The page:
Jamie Butterworth, 27, has designed his garden for children’s mental health charity Place2Be.
He said: “Children’s mental health has never been more important.
“Fifty per cent of people with a lifetime mental health issue first developed symptoms before the age of 14.”
Jamie now lives in Berkshire but his parents still live in Durkar and he is a frequent visitor to his home city.
He said: “ I had a passion for plants from the age of eight although neither my parents or my grandparents, or in fact, anyone in my family is a gardener.
“I spent my teenage years growing vegetables in my grandparents’ garden.
“I grew exhibition carrots and onions and entered them into the local vegetable shows.
“One year I won the award for the longest carrot at the Horbury District show.”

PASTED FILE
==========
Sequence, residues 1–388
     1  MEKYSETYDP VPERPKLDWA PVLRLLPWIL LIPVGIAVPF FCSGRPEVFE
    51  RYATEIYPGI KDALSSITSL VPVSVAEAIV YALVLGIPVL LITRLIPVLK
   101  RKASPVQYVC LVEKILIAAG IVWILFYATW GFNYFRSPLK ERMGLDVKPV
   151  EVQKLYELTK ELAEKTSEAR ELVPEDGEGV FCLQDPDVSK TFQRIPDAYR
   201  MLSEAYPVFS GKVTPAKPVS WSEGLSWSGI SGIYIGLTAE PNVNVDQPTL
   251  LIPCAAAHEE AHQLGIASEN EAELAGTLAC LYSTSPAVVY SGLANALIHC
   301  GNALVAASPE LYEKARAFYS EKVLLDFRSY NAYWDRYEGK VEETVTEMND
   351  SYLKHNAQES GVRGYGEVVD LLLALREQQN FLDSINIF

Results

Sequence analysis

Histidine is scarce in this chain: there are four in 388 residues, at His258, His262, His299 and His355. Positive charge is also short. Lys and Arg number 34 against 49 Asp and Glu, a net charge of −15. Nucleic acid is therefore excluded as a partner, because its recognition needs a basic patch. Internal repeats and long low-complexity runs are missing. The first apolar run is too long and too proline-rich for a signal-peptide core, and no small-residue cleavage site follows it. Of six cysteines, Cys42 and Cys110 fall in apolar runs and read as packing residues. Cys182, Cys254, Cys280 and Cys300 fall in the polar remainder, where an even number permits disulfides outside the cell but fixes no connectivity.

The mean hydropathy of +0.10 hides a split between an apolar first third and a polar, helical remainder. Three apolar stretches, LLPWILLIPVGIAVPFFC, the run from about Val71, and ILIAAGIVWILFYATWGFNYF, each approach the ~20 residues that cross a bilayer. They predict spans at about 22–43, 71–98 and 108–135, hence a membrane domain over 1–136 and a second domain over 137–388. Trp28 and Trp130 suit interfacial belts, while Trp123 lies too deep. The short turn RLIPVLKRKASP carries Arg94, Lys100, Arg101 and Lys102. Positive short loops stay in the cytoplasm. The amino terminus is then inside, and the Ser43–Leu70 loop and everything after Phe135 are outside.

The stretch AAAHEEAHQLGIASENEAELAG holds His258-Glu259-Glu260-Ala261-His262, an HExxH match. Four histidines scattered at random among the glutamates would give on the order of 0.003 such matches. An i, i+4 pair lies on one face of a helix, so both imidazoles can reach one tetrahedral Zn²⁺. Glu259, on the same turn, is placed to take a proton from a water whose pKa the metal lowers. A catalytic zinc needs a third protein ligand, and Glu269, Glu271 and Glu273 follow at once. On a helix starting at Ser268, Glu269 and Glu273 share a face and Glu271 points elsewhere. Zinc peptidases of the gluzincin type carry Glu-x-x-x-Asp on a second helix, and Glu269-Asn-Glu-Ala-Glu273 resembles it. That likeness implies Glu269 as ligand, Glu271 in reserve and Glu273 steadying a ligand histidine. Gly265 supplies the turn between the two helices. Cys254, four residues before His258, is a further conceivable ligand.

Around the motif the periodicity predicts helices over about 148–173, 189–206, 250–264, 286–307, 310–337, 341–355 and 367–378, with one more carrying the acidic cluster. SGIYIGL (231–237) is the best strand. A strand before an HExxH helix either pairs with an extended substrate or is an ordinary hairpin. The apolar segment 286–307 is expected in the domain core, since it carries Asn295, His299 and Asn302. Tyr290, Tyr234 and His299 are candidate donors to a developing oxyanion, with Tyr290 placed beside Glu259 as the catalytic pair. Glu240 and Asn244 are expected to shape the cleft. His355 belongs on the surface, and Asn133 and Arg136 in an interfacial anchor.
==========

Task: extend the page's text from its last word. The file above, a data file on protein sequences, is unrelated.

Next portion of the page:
When he was 17 Jamie fought it out against hundreds of other contestants to come fourth in the BBC’s Young Gardener of the Year.
He studied at Askham Bryan College in York and then RHS Garden Wisley.
In 2016 he became one of eight Royal Horticultural Society’s ambassadors joining Alan Titchmarsh, Mary Berry and Nick Knowles.
Jamie spent four years working for a company growing plants for the Chelsea Flower Show, then in 2018 he set up his own business.
He said: “I wrote a book for the RHS called Fifty Plants That You Can’t Kill.
“With the proceeds I bought a van, some tools and a computer and the company evolved from there.”
Jamie made RHS history in 2019 when he won all four top awards at the RHS Chatsworth Flower Show - Best in Show, People’s Choice, best construction and gold medal.
Then in 2020 he launched Form Plants which supplies the landscaping industry with trees and plants.
Jamie’s Chelsea design has been developed with input from staff and pupils at a primary school in West London and after the show it will be relocated to the school grounds.